Phylogeny of the coral pathogen Vibrio coralliilyticus
Pollock, F. Joseph, Wilson, Bryan, Johnson, Wesley R., Morris, Pamela J., Willis, Bette L., and Bourne, David G. (2010) Phylogeny of the coral pathogen Vibrio coralliilyticus. Environmental Microbiology Reports, 2 (1). pp. 172-178.
|PDF (Published Version) - Repository staff only - Requires a PDF viewer such as GSview, Xpdf or Adobe Acrobat Reader|
View at Publisher Website: http://dx.doi.org/10.1111/j.1758-2229.20...
A phenotypic and phylogenetic comparison of geographically disparate isolates of the coral pathogen Vibrio coralliilyticus was conducted to determine whether the bacterium exists as a single cosmopolitan clonal population, which might indicate rapid spread of a pandemic strain, or is grouped into endemic and genotypically distinct strains. All strains included in this study displayed similar phenotypic characteristics to those of the typed V. coralliilyticus strain LMG 20984T. Five phylogenetic marker genes (16S, rpoA, recA, pyrH and dnaJ) frequently used for discriminating closely related Vibrio species and a zinc-metalloprotease gene (vcpA) linked to pathogenicity were sequenced in 13 V. coralliilyticus isolates collected from corals, bivalves, and their surrounding seawater in the Red and Caribbean Seas, and Indian, Pacific and Atlantic Oceans. A high level of genetic polymorphism was observed with all isolates possessing unique genotypes at all six genetic loci examined. No consistent lineage structure was observed within the marker genes and homologous recombination was detected in the 16S and vcpA genes, suggesting that V. coralliilyticus does not possess a highly clonal population structure. Interestingly, two geographically distinct (Caribbean/south-Atlantic and Indo-Pacific/north-Atlantic) and highly divergent clades were detected within the zinc-metalloprotease gene, but it is not known if these clades correspond to phenotypic differences in virulence. These findings stress the need for a multi-locus approach for inferring V. coralliilyticus phylogeny and indicate that populations of this bacterium are likely an endemic component of coral reef ecosystems globally.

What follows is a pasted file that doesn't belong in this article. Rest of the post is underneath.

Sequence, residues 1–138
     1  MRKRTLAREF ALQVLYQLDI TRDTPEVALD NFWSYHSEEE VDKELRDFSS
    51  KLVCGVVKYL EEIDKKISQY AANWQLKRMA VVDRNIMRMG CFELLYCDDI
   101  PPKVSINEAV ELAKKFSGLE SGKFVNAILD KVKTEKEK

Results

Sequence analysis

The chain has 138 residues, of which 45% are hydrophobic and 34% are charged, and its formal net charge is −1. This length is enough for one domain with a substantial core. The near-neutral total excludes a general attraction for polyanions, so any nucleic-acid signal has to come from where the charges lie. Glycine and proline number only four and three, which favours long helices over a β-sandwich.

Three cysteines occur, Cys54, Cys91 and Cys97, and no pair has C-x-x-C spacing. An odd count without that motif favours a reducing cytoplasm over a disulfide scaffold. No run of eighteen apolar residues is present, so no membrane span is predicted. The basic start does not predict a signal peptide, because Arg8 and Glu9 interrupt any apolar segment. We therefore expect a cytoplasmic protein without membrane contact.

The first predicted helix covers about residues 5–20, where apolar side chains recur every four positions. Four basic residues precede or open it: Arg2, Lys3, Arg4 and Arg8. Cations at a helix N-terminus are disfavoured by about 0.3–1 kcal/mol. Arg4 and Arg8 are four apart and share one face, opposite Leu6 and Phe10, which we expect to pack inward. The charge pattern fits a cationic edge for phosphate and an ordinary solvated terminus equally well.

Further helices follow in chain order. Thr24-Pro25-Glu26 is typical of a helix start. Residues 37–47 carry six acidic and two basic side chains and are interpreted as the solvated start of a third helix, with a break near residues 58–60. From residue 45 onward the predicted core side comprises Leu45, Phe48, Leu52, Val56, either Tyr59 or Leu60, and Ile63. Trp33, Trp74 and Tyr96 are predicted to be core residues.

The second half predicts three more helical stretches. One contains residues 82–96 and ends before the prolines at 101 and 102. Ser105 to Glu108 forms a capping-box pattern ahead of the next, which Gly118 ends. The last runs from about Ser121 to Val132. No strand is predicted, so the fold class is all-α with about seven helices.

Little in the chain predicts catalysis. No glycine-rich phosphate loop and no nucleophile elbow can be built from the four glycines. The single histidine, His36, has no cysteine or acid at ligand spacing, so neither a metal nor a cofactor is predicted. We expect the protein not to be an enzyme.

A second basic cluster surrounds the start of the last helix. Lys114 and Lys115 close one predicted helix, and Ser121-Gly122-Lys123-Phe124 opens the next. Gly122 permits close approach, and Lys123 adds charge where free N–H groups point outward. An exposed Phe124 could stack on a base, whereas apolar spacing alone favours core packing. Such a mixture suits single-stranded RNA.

|Item Type:||Article (Refereed Research - C1)|
|FoR Codes:||06 BIOLOGICAL SCIENCES > 0602 Ecology > 060205 Marine and Estuarine Ecology (incl Marine Ichthyology) @ 100%|
|SEO Codes:||97 EXPANDING KNOWLEDGE > 970106 Expanding Knowledge in the Biological Sciences @ 50%|
96 ENVIRONMENT > 9604 Control of Pests, Diseases and Exotic Species > 960407 Control of Pests, Diseases and Exotic Species in Marine Environments @ 50%
|Deposited On:||03 Mar 2011 14:48|
|Last Modified:||13 May 2013 01:27|
Last 12 Months: 0
|Citation Counts with External Providers:||Web of Science: 7|
Repository Staff Only: item control page